Knowledge centre

Are you leading at the speed of now?

According to a recent survey of more than 6,000 people in 12 countries regarding effective leadership and communication – and the intrinsic link between the two – the world is demanding leadership at the speed of now.

Not surprisingly, the current global volatility and rapid change means that situations and opportunities are often outpacing the speed of communication, forward thinking and leadership response in today’s organisations.

The fourth annual survey – the Ketchum Leadership Communication Monitor – clearly identifies two key trends in leadership:

  1. The culture of Title-less Leadership is on the rise; the era of control and command and hierarchical leadership is fading. People are looking to employees for leadership; by a wide margin, people say they are looking for organisations that enable, empower and demonstrate leadership at all levels and in every corner.
  1. A swing back to male leadership as a preference; Where the same survey in 2014 touted the rise of feminine leadership traits (with female leaders out ranking their male counterparts in five out of the seven metrics of effective leadership), the 2015 survey has shown a strong swing back to male leadership in navigating the current climate.

Title-less Leadership

According to the Monitor, 41 percent of respondents believe leadership should come mainly from the organisation and all its employees, compared with 25 percent that believe leadership should come just from the CEO. This aligns with three years of data pointing to the demise of the CEO-as-celebrity style of leadership and highlights a greater-than-ever opportunity for a “leadership by all” collaborative culture.

“Title-less Leader” supports the notion of shared leadership at all levels of an organisation.  This emerging preference for leadership by many, as well as confidence in leadership from unexpected sources, comes at a time when disillusionment in senior, appointed leaders is high; only one in four (24 percent) of those surveyed believe leaders are effective.

And when you consider the top five traits of an effective leader, none belong solely to the C-suite.  Anyone in an organisation can demonstrate them, if enabled and empowered to do so.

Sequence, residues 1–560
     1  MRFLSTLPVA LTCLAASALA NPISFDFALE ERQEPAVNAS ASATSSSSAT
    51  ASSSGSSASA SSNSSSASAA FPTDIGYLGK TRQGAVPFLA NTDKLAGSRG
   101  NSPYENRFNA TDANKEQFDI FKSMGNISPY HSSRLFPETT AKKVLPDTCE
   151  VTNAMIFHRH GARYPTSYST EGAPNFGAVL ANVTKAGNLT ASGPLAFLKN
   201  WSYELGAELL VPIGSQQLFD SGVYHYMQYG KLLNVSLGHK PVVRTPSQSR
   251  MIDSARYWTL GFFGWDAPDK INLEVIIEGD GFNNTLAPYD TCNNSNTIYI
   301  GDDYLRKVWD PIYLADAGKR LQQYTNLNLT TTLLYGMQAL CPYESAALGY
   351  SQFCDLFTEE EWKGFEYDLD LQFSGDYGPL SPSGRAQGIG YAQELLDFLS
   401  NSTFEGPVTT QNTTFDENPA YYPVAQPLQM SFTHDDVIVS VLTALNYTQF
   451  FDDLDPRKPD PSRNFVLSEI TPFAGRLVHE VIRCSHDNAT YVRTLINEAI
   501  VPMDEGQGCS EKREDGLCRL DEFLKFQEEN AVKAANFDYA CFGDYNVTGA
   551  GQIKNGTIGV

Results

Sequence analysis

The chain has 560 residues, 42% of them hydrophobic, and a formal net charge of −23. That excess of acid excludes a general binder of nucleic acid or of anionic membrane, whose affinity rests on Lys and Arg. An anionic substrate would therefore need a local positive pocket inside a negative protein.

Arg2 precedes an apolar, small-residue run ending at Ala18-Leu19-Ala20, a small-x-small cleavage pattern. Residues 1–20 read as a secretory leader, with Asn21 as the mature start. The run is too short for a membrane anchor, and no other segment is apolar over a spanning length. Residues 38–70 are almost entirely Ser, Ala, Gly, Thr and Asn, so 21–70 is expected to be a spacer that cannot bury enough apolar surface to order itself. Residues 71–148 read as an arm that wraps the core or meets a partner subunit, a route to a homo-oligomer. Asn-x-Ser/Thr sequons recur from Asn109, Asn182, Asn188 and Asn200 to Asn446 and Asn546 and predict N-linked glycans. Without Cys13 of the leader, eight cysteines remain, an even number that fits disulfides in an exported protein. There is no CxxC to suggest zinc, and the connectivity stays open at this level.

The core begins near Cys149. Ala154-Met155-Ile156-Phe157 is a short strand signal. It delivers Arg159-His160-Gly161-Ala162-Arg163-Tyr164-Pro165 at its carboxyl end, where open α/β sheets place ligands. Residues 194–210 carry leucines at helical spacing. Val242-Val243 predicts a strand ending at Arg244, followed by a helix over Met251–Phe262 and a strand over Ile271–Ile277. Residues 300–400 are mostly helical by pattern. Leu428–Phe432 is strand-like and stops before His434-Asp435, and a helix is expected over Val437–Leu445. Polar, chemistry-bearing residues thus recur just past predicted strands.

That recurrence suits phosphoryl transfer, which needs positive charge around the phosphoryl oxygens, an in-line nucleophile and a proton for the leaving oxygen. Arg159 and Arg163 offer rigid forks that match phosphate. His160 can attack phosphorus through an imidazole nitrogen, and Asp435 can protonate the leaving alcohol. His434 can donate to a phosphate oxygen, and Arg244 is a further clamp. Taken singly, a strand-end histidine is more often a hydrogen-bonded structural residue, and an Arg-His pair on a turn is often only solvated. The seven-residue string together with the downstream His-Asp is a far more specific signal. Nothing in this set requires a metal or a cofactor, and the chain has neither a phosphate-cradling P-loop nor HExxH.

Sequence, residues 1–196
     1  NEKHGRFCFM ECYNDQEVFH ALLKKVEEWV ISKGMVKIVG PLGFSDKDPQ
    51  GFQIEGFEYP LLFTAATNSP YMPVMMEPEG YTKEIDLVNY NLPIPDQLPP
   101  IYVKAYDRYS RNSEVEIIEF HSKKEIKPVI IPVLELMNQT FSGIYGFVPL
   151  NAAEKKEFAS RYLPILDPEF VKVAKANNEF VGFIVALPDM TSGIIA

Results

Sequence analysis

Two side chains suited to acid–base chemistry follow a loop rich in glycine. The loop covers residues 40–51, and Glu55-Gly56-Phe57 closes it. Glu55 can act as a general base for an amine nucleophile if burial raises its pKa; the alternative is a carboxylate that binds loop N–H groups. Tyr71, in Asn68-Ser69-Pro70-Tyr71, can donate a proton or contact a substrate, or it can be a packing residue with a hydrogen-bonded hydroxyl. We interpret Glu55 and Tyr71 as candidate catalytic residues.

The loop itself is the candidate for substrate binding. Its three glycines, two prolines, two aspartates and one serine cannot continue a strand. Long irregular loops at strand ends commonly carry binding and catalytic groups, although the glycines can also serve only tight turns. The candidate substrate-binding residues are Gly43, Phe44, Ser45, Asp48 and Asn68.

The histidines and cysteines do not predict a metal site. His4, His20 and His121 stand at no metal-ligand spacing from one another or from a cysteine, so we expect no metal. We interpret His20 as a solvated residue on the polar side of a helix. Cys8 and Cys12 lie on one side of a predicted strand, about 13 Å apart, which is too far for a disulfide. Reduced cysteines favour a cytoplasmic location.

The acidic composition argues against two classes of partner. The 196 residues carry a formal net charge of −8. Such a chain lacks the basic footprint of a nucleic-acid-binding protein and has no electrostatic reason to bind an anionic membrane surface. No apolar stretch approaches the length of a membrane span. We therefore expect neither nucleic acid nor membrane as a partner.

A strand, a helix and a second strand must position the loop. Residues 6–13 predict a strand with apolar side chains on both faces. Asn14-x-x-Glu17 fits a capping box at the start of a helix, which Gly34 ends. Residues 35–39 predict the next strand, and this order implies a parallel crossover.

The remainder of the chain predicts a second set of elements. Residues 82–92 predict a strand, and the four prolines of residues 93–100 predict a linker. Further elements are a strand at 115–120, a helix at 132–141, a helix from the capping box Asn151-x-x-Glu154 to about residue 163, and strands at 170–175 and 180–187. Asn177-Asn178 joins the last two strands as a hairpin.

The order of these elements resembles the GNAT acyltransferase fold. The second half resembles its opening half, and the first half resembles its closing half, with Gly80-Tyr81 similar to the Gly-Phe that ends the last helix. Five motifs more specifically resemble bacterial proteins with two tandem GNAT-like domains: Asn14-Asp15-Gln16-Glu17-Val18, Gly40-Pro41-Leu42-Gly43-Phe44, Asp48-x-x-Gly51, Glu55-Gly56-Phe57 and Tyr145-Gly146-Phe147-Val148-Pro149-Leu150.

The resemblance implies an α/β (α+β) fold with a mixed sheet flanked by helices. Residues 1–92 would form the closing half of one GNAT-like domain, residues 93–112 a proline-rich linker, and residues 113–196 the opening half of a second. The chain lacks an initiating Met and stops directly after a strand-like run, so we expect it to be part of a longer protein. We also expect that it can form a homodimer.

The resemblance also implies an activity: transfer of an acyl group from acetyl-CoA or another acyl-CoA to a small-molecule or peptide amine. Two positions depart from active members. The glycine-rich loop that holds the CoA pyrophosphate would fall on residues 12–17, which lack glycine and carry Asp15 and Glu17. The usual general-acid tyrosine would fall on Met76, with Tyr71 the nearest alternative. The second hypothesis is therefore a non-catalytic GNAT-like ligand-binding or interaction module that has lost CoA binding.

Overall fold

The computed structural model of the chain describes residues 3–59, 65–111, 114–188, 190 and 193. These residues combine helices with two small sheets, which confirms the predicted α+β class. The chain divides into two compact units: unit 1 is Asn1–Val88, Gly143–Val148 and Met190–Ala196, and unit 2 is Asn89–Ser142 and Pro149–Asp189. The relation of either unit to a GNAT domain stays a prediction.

Top five traits of an effective leader:

  1. leading by example (63 percent)
  2. communicating in an open and transparent way (61 percent)
  3. admitting mistakes (59 percent)
  4. bringing out the best in others (58 percent)
  5. handling controversial issues or crises calmly and confidently (58 percent)

The Swinging Gender Pendulum

The 2014 survey identified ‘feminine’ leadership communication as the way of the future and suggested the end of the ‘macho’ style in senior ranks. These results were consistent with a 2013 survey of 64,000 people in 13 countries which found 66 percent of adults agreed that “the world would be a better place if men thought more like women” – including 63 percent of men worldwide.

This year’s Monitor however, sees a strong swing of the pendulum toward male leaders.  Whilst 54 percent of global consumers saw male leaders as most likely to navigate the world through challenging and rapidly changing times over the next five years in the 2014 survey, this number increased to 61 percent in 2015.  Respondents cite male leaders as more likely than female leaders to achieve this, representing a seven-point increase in one year.

Despite this, female leaders were judged to best demonstrate three of the top five traits of an effective leader: communicating openly and transparently, admitting mistakes, and bringing out the best in others.

Questions for you:

As we start the new year, the findings prompt a number of questions to shape your 2016 strategy and focus:

  • How do the above findings correlate with your own observations, and within your own organisation?
  • What are you doing to foster leadership throughout your organisation? What are you doing to demonstrate these effective leadership traits?
  • Are you focussing the majority of your communication resources across all levels of your organisation?
  • Are you leveraging the significant power of your employees and media platforms to authentically show who you are and what you believe in as an organisation?
  • How are you listening to customers, suppliers and employees to enable rapid decision making and responses?
  • Has your organisation established the goodwill needed for your leadership, organisation and brand to be well-received in a time of crisis?

To access the executive summary of the 2015 Ketchum Leadership Communication Monitor, click here.